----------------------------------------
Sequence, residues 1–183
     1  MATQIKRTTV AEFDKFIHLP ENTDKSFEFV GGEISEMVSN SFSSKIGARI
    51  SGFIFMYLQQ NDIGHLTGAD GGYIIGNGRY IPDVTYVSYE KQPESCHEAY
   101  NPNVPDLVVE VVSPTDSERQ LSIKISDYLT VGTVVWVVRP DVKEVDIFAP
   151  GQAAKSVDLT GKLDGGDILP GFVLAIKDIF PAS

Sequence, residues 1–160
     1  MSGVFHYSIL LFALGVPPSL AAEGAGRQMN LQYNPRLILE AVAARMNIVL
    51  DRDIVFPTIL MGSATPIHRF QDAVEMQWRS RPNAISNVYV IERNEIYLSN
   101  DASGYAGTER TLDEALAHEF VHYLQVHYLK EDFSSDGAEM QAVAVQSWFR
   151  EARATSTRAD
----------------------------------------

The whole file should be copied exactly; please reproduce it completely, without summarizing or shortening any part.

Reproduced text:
Sequence, residues 1–183
     1  MATQIKRTTV AEFDKFIHLP ENTDKSFEFV GGEISEMVSN SFSSKIGARI
    51  SGFIFMYLQQ NDIGHLTGAD GGYIIGNGRY IPDVTYVSYE KQPESCHEAY
   101  NPNVPDLVVE VVSPTDSERQ LSIKISDYLT VGTVVWVVRP DVKEVDIFAP
   151  GQAAKSVDLT GKLDGGDILP GFVLAIKDIF PAS

Sequence, residues 1–160
     1  MSGVFHYSIL LFALGVPPSL AAEGAGRQMN LQYNPRLILE AVAARMNIVL
    51  DRDIVFPTIL MGSATPIHRF QDAVEMQWRS RPNAISNVYV IERNEIYLSN
   101  DASGYAGTER TLDEALAHEF VHYLQVHYLK EDFSSDGAEM QAVAVQSWFR
   151  EARATSTRAD